Man has green thumb with rare-to-Minnesota treesWORTHINGTON — Standing in the back yard of his rural Worthington home, Walter Willey points to an assortment of tree varieties. A giant hackberry tree towers over everything, from the pussy willow to the quaking aspen, locust, catalpa, maple, red maple and walnut trees scattered throughout the property.
By: Julie Buntjer, Worthington Daily Globe
WORTHINGTON — Standing in the back yard of his rural Worthington home, Walter Willey points to an assortment of tree varieties. A giant hackberry tree towers over everything, from the pussy willow to the quaking aspen, locust, catalpa, maple, red maple and walnut trees scattered throughout the property.
Willey’s favorite — and likely rarest — tree growing on the homestead is the common horse-chestnut. He hasn’t found any others growing in this part of the state. In fact, the only other place he’s seen them is at the Minnesota Landscape Arboretum in Chaska.
The horse-chestnut tree is often confused with the Ohio Buckeye, which is commonly grown throughout Minnesota.
“The flowers look about the same, and the nuts look almost identical,” said Willey. “The leaf (of the buckeye) comes to a point — that’s the main difference.”
With a common horse-chestnut tree (Aesculus hippocastanum) on one side of his driveway and an Ohio Buckeye (Aesculus glabra) on the other, it’s easy to see the difference between the two — and just as easy to see the similarities. The trees are members of the same genus — the horse-chestnut is the Eurasian species, and the buckeye is the North American species.
Willey first discovered the common horse-chestnut tree growing on his property after he and his wife, Kathy, moved there in 1968. A few years later, he wrote to Leon Snyder, one of his professors at the University of Minnesota, to inquire about its rarity in Minnesota. Willey still has the letter, dated March 6, 1975, in which Snyder writes, “The horse-chestnut is a rare tree in Minnesota. I know of only about one-half dozen growing in the state.”
Snyder said in the letter that he was surprised to hear of one growing near Worthington. The others he had seen were located in the Twin Cities and in southeast Minnesota.
Peter Moe, director of operations for the Minnesota Landscape Arboretum, said the common horse-chestnut is likely just as rare in Minnesota today as it was 36 years ago when Snyder sent his letter to Willey.
“It is still a very uncommonly planted tree,” said Moe. “We’ve had trouble getting them established at the arboretum.”
Though the arboretum has “a few” common horse-chestnuts, Moe said some were lost to winter injury, while others have “just plain died.”
The biggest challenge for growing them in Minnesota is that the tree is considered hardy to Zone 5, while southern Minnesota is Zone 4.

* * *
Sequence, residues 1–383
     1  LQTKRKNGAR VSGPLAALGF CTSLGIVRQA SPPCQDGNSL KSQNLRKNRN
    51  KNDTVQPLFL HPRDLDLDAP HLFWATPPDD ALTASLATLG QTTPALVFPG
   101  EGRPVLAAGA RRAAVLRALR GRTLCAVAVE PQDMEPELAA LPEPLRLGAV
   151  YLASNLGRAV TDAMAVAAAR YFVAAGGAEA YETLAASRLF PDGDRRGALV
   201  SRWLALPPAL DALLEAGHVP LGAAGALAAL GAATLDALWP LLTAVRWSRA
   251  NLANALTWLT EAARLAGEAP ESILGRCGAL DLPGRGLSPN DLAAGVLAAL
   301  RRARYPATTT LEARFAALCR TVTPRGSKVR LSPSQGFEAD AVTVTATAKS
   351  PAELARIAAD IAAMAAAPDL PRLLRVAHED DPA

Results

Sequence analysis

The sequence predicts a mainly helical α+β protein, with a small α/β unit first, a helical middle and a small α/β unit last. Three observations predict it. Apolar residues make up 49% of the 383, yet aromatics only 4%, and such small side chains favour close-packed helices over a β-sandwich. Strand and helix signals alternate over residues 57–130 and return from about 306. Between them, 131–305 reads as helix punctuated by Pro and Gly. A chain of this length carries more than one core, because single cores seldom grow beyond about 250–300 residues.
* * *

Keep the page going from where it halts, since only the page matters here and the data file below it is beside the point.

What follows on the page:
“They just have not performed well. They are very rarely planted in the Twin Cities,” said Moe.
On the other hand, the trees are quite common in states to the south. Even in Wisconsin, where Zone 4 follows up the eastern side of the state, the common horse-chestnut is popular.
The tree Willey referenced in his letter to Snyder is known now as the mother tree. It died about a decade ago, but not before producing many seeds.
“One year I had a lot of them — I had 99 that grew,” Willey said. “But, the deer just love them. They just wiped them out, practically. They eat the buds off all the time.”
Since then, Willey has become rather protective of his horse-chestnut trees. As seedlings, the trees are surrounded by deer-proof wire or mesh fencing to protect the delicate buds, and as they get older, he keeps plastic tile around the trunks to protect the bark from being damaged by mice.
Today, Willey has eight common horse-chestnut trees growing in his yard, and he hopes to collect more nuts this fall to plant the seeds. As word has spread about the tree, however, he’s already fielding requests for seed.
The common horse-chestnut, according to Willey’s well-used copy of “Field Guide and Natural History to Trees of North America,” is widely used as an ornamental and shade tree. Extracts from the leaves, fruits and seeds have been used as medicines and as poisons, he read.
While the common horse-chestnut can grow to a height of 80 feet, the mother tree on the Willey homestead was only about one-fourth that size. The tree near his driveway is estimated at just 15 to 20 feet tall.
The trees bloom in late May, and after about 10 years of growth, begin to produce nuts encased in shells that are about the size of golf balls with sharp thorns around the outside covering.
“Some people don’t like them because people think the nuts are messy,” said Moe. “They do have pretty flowers. If (Willey) is willing to keep them growing, that is valuable. He does have something that I think very few people in Minnesota have.”